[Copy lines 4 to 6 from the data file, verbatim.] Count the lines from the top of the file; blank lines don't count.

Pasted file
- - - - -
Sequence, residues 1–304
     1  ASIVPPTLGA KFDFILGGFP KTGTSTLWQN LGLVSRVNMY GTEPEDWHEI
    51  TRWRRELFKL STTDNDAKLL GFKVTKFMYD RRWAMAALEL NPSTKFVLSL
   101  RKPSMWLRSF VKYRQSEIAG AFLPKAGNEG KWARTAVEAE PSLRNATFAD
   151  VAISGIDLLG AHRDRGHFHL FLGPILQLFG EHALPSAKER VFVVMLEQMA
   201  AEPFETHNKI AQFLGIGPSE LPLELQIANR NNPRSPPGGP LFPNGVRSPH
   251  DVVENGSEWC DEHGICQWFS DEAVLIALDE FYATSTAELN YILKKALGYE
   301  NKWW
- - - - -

   101  RKPSMWLRSF VKYRQSEIAG AFLPKAGNEG KWARTAVEAE PSLRNATFAD
   151  VAISGIDLLG AHRDRGHFHL FLGPILQLFG EHALPSAKER VFVVMLEQMA
   201  AEPFETHNKI AQFLGIGPSE LPLELQIANR NNPRSPPGGP LFPNGVRSPH